Corporate Activism

June 5, 2020 • Volume 30, Issue 21
Should companies take a stand on social and political issues?
By Glen Justice


Driven by the expectations of young, socially conscious consumers, some U.S. corporations are taking stands on policy issues ranging from gun control and race relations to immigration and climate change — issues that few companies would have touched a few years ago. Many CEOs see advocacy as not only the right thing to do but as a sound business strategy. Growing numbers of consumers want to know where companies stand on social issues, and often will support a business that aligns with their values — or shun one that does not. Employees are increasingly vocal as well, pushing employers to take a position. But skeptics warn that in a highly polarized nation, corporate activism risks alienating customers and eroding confidence in a brand. They point to consumer boycotts and protests that have followed controversial ads and political stances. These critics think companies should stick to their core mission: making money. Strong, profitable companies, they say, are good for shareholders, workers and their communities.emphasis>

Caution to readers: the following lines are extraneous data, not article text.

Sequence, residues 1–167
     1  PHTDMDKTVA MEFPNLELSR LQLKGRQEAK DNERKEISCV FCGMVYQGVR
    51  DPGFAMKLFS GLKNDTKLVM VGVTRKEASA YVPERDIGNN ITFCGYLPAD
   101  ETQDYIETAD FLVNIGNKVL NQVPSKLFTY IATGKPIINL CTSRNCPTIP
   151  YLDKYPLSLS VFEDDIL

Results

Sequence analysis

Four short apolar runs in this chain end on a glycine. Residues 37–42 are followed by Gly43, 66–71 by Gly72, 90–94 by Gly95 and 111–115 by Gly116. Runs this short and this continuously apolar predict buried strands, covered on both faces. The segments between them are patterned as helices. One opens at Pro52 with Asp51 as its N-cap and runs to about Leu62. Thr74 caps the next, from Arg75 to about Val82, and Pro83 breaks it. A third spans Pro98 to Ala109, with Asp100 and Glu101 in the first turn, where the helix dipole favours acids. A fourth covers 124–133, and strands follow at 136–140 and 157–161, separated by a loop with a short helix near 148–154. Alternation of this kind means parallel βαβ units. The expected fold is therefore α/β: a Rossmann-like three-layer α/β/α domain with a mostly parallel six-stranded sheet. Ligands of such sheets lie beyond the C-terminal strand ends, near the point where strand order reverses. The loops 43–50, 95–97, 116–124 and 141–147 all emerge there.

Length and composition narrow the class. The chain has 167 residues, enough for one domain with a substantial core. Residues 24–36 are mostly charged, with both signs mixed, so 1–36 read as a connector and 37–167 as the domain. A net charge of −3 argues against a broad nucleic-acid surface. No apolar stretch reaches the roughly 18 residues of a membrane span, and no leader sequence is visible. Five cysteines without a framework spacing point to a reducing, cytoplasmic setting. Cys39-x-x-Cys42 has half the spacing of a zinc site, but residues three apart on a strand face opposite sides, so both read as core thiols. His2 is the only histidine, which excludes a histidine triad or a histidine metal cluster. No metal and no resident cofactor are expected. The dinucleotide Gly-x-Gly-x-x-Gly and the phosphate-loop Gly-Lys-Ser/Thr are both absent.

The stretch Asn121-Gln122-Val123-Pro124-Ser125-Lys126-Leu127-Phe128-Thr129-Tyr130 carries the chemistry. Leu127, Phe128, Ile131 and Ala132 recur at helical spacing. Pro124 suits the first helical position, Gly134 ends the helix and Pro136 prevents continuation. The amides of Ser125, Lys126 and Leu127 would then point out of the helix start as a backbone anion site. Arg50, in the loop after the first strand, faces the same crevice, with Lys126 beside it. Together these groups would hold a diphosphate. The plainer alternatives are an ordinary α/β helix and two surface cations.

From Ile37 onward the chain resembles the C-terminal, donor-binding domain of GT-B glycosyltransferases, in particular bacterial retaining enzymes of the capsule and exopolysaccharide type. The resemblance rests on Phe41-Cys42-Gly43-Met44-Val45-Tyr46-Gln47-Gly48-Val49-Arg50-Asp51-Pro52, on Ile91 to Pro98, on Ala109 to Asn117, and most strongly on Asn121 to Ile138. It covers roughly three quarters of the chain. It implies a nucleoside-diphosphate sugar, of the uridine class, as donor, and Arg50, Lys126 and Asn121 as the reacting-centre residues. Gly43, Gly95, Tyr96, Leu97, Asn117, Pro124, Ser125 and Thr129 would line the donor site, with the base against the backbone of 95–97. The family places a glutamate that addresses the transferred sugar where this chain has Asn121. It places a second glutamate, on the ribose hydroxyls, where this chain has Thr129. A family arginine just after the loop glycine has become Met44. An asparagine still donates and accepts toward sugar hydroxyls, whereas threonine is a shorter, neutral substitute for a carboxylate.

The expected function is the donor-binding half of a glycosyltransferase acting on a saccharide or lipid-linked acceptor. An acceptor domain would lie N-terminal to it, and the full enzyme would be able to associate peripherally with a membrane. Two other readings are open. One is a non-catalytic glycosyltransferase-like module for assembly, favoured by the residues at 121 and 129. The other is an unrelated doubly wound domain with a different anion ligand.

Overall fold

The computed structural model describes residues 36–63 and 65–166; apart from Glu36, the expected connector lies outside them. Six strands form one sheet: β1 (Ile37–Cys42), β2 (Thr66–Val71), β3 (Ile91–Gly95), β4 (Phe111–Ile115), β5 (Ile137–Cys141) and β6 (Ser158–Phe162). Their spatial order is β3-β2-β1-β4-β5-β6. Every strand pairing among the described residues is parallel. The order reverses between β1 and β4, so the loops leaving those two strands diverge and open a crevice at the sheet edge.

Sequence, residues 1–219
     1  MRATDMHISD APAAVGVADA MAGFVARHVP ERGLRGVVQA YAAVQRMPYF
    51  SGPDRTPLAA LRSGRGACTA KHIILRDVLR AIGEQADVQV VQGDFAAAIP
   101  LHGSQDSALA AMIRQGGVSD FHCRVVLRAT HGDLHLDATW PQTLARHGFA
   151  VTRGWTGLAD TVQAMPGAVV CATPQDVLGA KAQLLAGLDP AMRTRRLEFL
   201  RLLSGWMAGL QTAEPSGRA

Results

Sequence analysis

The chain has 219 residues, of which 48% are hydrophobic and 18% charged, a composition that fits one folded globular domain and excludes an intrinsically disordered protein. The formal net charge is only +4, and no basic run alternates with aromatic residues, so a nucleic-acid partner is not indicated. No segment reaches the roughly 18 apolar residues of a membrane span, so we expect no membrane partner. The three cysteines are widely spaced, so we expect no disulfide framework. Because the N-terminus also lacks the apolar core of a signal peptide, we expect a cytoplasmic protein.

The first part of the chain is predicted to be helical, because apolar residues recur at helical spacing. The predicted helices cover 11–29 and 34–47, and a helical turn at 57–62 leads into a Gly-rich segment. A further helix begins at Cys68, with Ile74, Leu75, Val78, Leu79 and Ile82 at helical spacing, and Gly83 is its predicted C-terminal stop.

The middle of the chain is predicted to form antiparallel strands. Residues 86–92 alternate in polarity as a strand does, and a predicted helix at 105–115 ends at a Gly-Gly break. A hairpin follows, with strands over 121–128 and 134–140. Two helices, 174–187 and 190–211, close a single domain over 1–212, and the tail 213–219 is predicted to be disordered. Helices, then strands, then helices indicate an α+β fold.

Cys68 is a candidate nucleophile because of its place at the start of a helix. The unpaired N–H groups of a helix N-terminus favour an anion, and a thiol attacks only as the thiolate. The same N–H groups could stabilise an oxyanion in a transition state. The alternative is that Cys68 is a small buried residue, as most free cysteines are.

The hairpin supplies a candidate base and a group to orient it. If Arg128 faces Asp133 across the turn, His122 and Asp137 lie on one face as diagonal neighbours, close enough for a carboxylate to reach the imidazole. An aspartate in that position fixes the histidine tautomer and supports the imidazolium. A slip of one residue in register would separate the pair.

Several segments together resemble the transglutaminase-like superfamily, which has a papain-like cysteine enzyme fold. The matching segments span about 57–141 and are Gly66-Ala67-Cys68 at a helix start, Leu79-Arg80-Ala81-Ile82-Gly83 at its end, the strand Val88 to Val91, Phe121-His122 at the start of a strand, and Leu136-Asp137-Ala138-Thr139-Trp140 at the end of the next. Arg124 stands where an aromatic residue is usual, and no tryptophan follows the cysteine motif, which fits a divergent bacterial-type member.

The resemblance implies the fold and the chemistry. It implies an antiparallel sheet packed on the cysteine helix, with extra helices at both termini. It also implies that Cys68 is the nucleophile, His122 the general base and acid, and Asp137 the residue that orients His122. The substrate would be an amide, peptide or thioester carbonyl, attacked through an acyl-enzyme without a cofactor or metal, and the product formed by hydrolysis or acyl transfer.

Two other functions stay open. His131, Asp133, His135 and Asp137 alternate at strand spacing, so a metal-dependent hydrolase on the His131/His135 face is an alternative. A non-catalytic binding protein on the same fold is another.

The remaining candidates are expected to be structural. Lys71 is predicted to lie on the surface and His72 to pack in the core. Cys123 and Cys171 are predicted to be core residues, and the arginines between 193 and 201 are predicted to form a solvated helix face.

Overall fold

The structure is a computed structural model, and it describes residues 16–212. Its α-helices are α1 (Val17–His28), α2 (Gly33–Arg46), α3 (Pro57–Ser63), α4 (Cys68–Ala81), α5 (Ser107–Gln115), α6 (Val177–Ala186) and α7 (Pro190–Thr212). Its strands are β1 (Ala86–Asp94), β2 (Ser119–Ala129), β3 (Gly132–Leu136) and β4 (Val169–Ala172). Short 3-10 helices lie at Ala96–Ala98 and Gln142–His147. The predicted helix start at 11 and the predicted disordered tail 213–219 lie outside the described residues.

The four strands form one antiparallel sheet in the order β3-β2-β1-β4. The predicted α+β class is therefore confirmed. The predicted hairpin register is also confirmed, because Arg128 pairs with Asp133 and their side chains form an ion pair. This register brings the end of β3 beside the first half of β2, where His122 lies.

Airbnb's “Is Mankind?” ad in 2015 supported transgender Americans (screenshot)
Airbnb's “Is Mankind?” ad in 2015 supported transgender Americans at a time when their rights were a subject of hot debate. Such corporate activism has become more common in the United States. (screenshot)
ISSUE TRACKER for Related Reports
Protest Movements and Counter Culture
Jun. 05, 2020  Corporate Activism
May 01, 2020  Global Protest Movements
Jan. 05, 2018  Citizen Protests
Aug. 28, 1998  Student Activism
Jan. 04, 1991  The Growing Influence of Boycotts
Aug. 22, 1986  Student Politics 1980s Style
May 13, 1983  Christian Peace Movement
Apr. 08, 1970  Politics and Youth
Nov. 19, 1969  Challenges for The 1970s
Aug. 21, 1968  Reorganization of the Universities
Jan. 10, 1968  Universities and the Government
Jan. 03, 1968  Peace Movements in American Politics
Oct. 12, 1966  Alienated Youth
Feb. 24, 1966  Protest Movements in Time of War
May 19, 1965  Campus Unrest
Aug. 14, 1963  Mass Demonstrations
Dec. 11, 1957  Student Movements
Aug. 17, 1939  Conscientious Objection to War
Civil Rights Movement
Conservatism and Liberalism
Consumer Behavior
Domestic Issues
General Social Trends
Internet and Social Media
Lobbying and Special Interests
Powers and History of the Presidency
Protest Movements
Radio and Television
Student Movements